Question 4: 2-100 they're the smallest and the highest possible number as 2 times 50 = 100

Question 5: 2, 24, 48, 96 Yet again we experimented with the different chains until we found the correct chain.

Jaeyen St Mary and All Saints sent in the following:

What are the smallest blue numbers that will make a complete chain? 2, 4, 8, 16.

What are the largest blue numbers that will make a complete chain? 12, 24, 48, 96.

What numbers cannot appear in any chain? Any odd numbers after 12 can't appear in the chain because you can't divide an odd number by 2 but 3, 5, 7, 9, 11 are allowed, but only to start the chain.I think you may be able to find others as well!

What is the biggest difference possible between two adjacent blue numbers? 48.

What is the largest and the smallest possible range of a complete chain? (The range is the difference between the largest and smallest values.)cBiggest: 12, 24, 48, 96. Smallest: 2, 4, 8, 16.

Mitchell also from St Mary and All Saints sent in this next one and I've added some comments:

What are the smallest blue numbers that will make a complete chain? 2, 4, 8, 16

What are the largest blue numbers that will make a complete chain? 12, 24, 48, 96

What numbers cannot appear in any chain? Any odd numbers after 12 cannot be used because you can't divide odd numbers by 2. This is because an odd number times an odd number equals an odd number. A even number times an even number equals an even number. And an odd number multiplied by an even number is an even number. This is because even beats odd. For example, if you do 11x3 it equals 33. If you do 2x4 it equals 8. And if you do 3x6 it equals 18. In this problem you need to multiply by 2, 4 or 8.This may need further thinking about! Therefore, any odd numbers after 12 can't be used. again I think you may find more.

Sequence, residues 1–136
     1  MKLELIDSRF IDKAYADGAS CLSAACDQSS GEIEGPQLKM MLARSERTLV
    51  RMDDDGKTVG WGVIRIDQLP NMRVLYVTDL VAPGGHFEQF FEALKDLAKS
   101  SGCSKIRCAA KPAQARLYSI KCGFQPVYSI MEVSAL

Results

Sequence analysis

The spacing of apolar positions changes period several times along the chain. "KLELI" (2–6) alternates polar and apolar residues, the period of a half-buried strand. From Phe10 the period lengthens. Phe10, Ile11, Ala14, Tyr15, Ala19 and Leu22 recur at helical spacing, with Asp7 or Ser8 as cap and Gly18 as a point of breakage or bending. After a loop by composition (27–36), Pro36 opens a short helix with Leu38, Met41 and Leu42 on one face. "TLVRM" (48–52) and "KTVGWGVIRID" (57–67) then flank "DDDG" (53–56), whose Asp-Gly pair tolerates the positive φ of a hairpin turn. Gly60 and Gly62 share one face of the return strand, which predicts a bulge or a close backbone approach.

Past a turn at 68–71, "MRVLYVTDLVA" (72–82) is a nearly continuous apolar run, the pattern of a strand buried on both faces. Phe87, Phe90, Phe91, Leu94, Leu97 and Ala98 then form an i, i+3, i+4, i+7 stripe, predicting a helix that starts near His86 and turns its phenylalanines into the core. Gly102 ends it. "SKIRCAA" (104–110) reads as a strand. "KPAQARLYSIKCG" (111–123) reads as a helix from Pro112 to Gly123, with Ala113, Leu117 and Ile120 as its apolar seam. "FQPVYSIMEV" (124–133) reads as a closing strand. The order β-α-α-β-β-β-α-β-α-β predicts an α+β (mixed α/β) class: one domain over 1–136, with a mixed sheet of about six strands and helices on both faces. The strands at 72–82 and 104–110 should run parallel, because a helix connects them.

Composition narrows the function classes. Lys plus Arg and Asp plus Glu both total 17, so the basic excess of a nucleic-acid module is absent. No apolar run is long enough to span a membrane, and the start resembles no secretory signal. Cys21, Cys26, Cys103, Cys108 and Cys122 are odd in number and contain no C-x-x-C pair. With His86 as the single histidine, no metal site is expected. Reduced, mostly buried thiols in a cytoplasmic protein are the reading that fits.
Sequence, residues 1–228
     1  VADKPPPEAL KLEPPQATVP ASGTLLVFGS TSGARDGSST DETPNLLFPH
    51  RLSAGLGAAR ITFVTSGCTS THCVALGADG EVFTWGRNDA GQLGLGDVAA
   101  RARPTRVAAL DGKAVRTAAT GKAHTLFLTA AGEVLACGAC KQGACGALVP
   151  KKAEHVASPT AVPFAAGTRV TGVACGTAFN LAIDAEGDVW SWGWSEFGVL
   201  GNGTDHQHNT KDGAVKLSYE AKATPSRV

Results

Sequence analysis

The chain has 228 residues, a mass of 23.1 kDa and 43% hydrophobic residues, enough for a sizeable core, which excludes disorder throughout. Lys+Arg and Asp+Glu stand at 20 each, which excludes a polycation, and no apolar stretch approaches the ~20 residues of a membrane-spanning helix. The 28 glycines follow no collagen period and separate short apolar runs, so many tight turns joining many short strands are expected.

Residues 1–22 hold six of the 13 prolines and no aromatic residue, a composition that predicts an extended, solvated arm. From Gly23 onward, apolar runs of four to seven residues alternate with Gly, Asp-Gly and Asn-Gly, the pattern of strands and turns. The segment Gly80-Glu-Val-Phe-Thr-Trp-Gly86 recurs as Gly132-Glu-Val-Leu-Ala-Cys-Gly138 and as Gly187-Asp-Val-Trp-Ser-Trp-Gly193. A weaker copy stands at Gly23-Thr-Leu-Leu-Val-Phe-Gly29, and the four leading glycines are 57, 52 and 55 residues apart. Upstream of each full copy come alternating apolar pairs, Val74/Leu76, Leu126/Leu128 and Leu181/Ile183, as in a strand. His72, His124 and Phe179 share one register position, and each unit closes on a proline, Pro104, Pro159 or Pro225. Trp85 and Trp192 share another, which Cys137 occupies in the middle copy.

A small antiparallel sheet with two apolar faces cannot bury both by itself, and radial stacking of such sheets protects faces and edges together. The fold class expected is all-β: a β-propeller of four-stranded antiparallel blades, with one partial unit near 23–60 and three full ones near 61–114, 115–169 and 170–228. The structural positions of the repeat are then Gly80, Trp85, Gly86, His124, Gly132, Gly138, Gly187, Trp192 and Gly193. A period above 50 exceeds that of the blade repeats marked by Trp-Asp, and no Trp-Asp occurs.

What is the biggest difference possible between two adjacent blue numbers? 48

What is the largest and the smallest possible range of a complete chain?

(The range is the difference between the largest and smallest values.)

Finally, Aaila and Hamna from Vale View Primary School sent in this extremely systematic solution: AailaandHamna.doc

Well done! You all worked well on this challenge, look out for the next batch of live problems!

We can arrange dots in a similar way to the 5 on a dice and they usually sit quite well into a rectangular shape. How many altogether in this 3 by 5? What happens for other sizes?

What happens if you join every second point on this circle? How about every third point? Try with different steps and see if you can predict what will happen.

Let's say you can only use two different lengths - 2 units and 4 units. Using just these 2 lengths as the edges how many different cuboids can you make?